All About Estates

Category: Liability

Total 22 Posts

Fiduciary Investing Series – How to avoid compounding liability in trust accounts

This blog has been written by Robert Boyd, Director, Scotiatrust. The blog is the first in a series focusing on Fiduciary Investing that will cover a range of practical topics. When one approaches the topic of fiduciary record keeping, there is room for forgiveness for those who tune out (or…

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Trustee’s Personal Liability – It Could Go on for Years!

Take the case of Estate of Ronald Alfred Craymer v Hayward et al, 2019 ONSC 4600, The Craymers were married in the 1980’s. It was a second marriage for Mrs. Craymer and a fourth marriage for Mr. Craymer. At the time of their marriage, Mrs. Craymer had three adult children…

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CRA Keeps A-Knockin’ (and Can Come In)

Estate trustees be warned: you may be held personally liable for failure to pay the estate’s taxes and/or the tax arrears of the deceased. When estate trustees are advised of this fact by their lawyers, pains are taken to soften the blow. CRA tends to be more blunt. Following the…

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Estate Trustees and Costs of Litigation: Try not to take it personally?

In the work I do, I am asked to provide expert testimony to support litigation. In some cases, I am often quite surprised to what extent parties will continue to litigate matters that appear to be “no-wins” or for small dollar amounts. Depending on the circumstances, parties have taken the…

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Death Starts the Clock Ticking on the Limitation Period for Contribution and Indemnity Claims

Conflicting Limitation Periods In Ontario, as in other Canadian jurisdictions, various statutes establish limitation periods within which an injured party can commence a claim against a wrongdoer, including against the estate of a deceased wrongdoer. Under sections 4 and 5 of the Limitations Act, 2002, S.O. 2002, c. 24 ,…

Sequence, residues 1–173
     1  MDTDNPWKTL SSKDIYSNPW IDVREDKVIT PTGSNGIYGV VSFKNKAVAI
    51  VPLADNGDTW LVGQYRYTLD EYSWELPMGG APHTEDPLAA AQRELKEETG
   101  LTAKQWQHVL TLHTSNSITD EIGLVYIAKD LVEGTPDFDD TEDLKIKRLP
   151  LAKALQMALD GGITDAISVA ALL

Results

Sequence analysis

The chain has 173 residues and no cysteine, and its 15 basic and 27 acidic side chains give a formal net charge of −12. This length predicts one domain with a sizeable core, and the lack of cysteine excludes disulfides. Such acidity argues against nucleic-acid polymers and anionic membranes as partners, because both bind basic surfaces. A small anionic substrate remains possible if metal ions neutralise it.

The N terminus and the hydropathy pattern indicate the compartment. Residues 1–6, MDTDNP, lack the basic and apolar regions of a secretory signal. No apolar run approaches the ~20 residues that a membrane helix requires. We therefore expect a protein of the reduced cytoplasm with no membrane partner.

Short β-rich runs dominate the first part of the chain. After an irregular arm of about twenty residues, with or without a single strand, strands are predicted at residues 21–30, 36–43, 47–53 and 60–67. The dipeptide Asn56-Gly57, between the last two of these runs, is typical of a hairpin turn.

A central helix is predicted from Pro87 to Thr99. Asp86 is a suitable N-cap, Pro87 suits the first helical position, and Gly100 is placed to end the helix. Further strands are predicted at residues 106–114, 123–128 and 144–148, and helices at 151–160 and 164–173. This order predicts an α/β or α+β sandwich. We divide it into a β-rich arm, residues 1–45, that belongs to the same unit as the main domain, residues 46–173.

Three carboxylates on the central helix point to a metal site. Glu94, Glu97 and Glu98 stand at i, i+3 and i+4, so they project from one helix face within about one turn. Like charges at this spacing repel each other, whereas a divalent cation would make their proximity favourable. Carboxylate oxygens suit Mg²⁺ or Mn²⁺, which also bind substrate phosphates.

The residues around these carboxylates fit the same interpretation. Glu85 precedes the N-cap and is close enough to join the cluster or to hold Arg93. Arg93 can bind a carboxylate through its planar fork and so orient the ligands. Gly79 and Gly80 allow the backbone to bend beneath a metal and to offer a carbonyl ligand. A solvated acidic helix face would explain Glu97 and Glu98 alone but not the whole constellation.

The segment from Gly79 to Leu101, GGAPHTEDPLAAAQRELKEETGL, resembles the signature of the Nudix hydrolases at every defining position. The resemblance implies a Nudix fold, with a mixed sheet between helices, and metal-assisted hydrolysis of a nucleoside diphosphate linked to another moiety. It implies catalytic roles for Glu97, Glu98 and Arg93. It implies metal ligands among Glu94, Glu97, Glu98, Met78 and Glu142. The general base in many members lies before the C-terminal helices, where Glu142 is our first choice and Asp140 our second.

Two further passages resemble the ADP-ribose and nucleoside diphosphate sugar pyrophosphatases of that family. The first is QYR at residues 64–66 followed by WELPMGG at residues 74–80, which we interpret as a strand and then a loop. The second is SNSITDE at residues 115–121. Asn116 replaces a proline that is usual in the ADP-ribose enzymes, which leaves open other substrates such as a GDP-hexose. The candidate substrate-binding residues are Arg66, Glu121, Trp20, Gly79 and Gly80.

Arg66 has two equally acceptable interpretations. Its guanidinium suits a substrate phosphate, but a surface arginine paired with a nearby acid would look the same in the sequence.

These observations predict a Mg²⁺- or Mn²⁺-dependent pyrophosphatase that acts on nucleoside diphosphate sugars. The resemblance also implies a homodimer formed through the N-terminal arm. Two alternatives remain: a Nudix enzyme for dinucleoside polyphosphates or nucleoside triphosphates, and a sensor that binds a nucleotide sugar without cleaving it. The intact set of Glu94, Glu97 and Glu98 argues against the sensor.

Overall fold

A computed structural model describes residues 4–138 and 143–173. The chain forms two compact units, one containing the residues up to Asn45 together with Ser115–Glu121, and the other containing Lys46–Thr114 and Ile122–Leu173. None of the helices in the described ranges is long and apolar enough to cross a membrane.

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A Brief Review of Solicitor’s Negligence

Claims against solicitors for negligence often arise in the context of estates cases, whether it be the failure of a lawyer to ensure that a testator’s wishes are accurately reflected in his/her will, to neglecting to confirm the testator had the requisite capacity and was not subject to undue influence…

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Ontario’s Non-Resident Speculation Tax

Recently the Government of Ontario followed the heels of the British Columbia Government by introducing a “non-resident speculation tax” (“NRST”). The NRST will apply to the purchase or acquisition of an interest in residential property located in the Greater Golden Horseshoe (the “GGH”) by individuals who are not Canadian citizens…

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Limited Retainers, Lawyer Liability and Limitation Periods

The recent Court of Appeal (“ONCA”) decision of Meehan v. Good, 2017 ONCA 103 (“Meehan”), reminds lawyers that the duty of care owed to their clients is extensive, and may operate beyond a limited-scope retainer. In Meehan, the plaintiffs, Michael and Anne Meehan, brought a claim against their lawyer, John…

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LATE FILED ELECTION TO SPLIT PENSION INCOME

While we are on the subject of joint elections to split pension income in the year of death: What if, as trustee of the estate, you discover that the deceased and his spouse did not split eligible pension income in the years prior to his year of death. Can you…

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CAPITAL DIVIDEND ACCOUNT ELECTIONS AND THE DATE GONE WRONG?

As I mentioned in a previous blog, the capital dividend account (“CDA”) is often a central feature of tax planning for individuals with private corporations with the opportunity to make tax-free distributions to shareholders on the disposition of certain capital assets. It gains particular focus in estate planning scenarios and…

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